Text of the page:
On Friday, the Department of Interior and Local Government reported that 8,367 rebels surrendered to the government between July 1 and Dec. 28, 2018. Many of the former rebels were granted benefits under the Enhanced Comprehensive Local Integration Program.
Ateneo Policy Center research fellow Michael Henry LI. Yusingco, when also sought for comment, said via email, “I believe the CPP is irrelevant in the broader scheme of things. I do not see them contributing significantly in our nation’s growth. I am utterly perplexed at government’s response to the CPP.”
He added, “On one hand, the government is always saying the CPP is a spent force and the NPA is just a ragtag group of terrorist. And yet on the other hand, they also constantly say that the CPP and the NPA are still serious threats to the country’s peace and order situation. This just seem farcical for me.”
On the always interrupted peace talks, Mr. Villarin said, “The window towards peace talks will always be open to both sides. But the administration is now looking at a different model. For more than five decades, most of our peace talks is always between the national government and the national leadership of NPA. Now, the present administration is looking at a different model. It is now an agreement between the national government and the grassroot leadership of NPA.”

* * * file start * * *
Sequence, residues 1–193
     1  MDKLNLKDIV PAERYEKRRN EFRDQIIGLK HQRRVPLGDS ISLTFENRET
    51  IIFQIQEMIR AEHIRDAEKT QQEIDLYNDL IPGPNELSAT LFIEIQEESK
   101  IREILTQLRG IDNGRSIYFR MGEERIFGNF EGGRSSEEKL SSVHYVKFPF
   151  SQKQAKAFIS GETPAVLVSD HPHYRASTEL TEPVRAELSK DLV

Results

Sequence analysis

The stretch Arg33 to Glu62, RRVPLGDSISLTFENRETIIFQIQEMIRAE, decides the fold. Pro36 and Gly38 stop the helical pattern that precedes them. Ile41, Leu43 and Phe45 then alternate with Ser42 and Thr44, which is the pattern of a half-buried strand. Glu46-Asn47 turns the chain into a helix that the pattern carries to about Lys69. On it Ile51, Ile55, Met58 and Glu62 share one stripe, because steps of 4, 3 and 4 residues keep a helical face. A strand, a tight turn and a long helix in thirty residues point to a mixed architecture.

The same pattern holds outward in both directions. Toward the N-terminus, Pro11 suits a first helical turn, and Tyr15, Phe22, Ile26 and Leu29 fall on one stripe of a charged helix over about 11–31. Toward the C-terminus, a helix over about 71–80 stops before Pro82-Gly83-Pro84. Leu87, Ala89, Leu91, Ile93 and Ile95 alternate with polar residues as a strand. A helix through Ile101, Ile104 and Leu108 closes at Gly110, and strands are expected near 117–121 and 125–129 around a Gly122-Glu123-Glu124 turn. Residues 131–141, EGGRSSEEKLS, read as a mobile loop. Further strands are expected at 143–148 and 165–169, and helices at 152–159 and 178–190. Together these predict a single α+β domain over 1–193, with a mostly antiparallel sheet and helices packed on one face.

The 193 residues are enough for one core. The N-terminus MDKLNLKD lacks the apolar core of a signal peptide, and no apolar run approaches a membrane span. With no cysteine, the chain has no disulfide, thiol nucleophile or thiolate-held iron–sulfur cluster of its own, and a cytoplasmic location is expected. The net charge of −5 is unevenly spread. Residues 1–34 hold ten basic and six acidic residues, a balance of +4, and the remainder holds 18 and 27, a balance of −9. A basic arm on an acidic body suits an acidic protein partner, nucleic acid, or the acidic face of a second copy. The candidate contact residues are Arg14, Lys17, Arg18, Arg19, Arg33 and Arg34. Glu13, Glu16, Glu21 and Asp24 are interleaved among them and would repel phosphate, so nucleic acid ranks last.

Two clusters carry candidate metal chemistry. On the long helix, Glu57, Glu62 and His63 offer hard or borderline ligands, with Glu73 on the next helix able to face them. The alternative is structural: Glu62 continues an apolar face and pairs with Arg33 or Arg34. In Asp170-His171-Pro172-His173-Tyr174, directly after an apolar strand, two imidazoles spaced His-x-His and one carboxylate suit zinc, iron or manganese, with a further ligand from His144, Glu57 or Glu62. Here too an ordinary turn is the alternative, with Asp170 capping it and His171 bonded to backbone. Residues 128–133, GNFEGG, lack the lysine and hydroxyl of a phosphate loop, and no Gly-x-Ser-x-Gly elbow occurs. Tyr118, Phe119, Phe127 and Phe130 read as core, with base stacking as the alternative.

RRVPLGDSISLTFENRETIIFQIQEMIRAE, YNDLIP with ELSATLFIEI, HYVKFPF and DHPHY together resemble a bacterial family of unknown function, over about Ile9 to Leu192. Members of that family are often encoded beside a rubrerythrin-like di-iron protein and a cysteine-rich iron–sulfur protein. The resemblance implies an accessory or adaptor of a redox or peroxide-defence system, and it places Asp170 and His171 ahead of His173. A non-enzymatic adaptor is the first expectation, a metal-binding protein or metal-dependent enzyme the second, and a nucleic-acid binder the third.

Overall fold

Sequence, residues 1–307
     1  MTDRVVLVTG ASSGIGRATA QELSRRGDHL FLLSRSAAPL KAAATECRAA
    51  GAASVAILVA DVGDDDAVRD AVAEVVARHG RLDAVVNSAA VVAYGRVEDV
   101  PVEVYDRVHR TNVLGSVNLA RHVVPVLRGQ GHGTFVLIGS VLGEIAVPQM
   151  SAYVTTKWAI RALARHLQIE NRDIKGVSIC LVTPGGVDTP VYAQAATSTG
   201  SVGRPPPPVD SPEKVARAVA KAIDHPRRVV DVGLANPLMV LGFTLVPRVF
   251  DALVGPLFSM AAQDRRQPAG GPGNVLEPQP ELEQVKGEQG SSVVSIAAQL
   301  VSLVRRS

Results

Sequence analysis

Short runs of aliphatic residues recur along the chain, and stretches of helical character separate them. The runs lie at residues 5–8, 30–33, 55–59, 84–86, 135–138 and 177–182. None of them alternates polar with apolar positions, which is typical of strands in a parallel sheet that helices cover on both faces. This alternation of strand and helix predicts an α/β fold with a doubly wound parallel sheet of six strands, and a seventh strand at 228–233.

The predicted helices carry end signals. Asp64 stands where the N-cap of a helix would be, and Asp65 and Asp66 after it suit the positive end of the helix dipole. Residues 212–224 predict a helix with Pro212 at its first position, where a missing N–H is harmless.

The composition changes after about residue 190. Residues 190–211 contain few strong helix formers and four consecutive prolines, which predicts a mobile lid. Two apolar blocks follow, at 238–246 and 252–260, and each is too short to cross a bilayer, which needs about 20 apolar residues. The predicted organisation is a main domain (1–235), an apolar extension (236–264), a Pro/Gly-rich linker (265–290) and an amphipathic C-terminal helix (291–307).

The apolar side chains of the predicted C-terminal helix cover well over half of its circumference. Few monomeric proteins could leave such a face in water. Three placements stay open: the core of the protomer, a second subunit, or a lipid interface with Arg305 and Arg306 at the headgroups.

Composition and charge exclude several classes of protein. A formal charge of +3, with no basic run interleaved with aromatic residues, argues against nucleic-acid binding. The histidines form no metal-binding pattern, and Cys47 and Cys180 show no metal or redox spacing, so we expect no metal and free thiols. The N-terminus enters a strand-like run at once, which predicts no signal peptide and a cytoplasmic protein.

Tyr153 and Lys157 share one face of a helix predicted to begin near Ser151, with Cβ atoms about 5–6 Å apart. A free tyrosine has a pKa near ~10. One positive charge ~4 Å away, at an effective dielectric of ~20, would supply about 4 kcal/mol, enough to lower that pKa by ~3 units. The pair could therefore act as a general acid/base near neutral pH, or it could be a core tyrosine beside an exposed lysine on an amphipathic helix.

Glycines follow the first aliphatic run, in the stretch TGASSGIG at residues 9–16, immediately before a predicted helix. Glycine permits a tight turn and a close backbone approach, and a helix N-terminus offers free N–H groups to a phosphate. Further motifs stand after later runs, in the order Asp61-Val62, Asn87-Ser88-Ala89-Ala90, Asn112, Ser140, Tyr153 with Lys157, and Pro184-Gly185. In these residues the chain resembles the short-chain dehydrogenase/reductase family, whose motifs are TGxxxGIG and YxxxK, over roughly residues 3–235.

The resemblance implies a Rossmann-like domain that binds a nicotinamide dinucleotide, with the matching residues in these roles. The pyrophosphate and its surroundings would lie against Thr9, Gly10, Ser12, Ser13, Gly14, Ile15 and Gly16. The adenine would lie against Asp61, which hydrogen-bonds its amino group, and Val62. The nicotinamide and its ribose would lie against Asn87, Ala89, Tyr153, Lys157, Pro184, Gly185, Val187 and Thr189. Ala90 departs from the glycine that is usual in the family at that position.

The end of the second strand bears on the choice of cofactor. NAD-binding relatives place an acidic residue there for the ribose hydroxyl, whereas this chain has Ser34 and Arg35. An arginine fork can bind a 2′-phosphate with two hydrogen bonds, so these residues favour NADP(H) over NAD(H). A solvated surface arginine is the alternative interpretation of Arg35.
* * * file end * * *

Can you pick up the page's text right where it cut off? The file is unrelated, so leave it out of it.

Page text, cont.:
“Kasi tandaan natin (Let’s remember), Joma Sison remains a symbolic leader of NPA. But we have to remember that there are different movements on the ground. Kaya kahit (So even if) Joma Sison is very strong with his words, people are now surrendering their arms to the government because hindi na nakikita ng revolutionary forces ngayon ‘yung essence (they do not perceive anymore the essence). They are now becoming more practical rather than ideological.”
For his part, Mr. Heydarian said, “I think what government is pushing is not peace talk but a surrender agreement with the communist movement….I think there were some sort of historic chance in the past including the earlier months of the Duterte administration. I would even say that if the Mamasapano (tragedy) did not happen, there’s a good chance we would have it in early 2015.”
He added: “The point with the communist movement is that they are internally divided….In economics, we have a principal-agent problem, so clearly we have principals of the communist movement as formally identified and maybe okay with peaceful negotiations. But we have agents on the ground who have contrary interests and they don’t think together. In that absence, the government has two options, to go for an all-out war or divide and conquer them.”
Mr. Yusingco said: “I’m not sure if there is still even a need for a peace agreement between the government and the CPP. If the NPA is simply a ragtag group of terrorists, then the correct approach would be to treat them as such. Why even put the CPP in the same category of the MILF, if they are indeed a spent force?” — interviews by Vince Angelo C. Ferreras